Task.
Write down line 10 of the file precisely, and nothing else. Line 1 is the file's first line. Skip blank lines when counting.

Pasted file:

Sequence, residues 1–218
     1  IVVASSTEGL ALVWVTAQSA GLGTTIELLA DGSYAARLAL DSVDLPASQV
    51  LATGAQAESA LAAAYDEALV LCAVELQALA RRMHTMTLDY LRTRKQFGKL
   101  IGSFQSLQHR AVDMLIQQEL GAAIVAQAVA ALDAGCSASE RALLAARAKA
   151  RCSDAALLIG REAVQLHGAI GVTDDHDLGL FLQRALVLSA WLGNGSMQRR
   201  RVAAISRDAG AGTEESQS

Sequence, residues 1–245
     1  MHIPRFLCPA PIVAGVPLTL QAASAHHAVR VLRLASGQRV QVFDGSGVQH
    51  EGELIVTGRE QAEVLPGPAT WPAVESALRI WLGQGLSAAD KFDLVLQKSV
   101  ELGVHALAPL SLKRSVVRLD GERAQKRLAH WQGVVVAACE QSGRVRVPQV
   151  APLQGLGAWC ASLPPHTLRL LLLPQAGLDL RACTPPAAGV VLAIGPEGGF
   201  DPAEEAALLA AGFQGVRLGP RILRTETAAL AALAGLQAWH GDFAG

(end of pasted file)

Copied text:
   101  ELGVHALAPL SLKRSVVRLD GERAQKRLAH WQGVVVAACE QSGRVRVPQV